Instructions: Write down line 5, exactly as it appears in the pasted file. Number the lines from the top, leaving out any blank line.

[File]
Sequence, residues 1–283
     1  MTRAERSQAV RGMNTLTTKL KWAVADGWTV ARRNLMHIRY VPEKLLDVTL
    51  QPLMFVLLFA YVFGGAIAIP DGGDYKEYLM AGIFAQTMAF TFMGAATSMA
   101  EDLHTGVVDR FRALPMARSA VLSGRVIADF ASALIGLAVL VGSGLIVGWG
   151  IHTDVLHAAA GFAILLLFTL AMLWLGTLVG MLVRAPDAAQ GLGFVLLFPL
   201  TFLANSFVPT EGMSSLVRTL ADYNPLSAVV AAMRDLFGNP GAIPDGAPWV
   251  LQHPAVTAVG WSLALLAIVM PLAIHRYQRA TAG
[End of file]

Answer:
   151  IHTDVLHAAA GFAILLLFTL AMLWLGTLVG MLVRAPDAAQ GLGFVLLFPL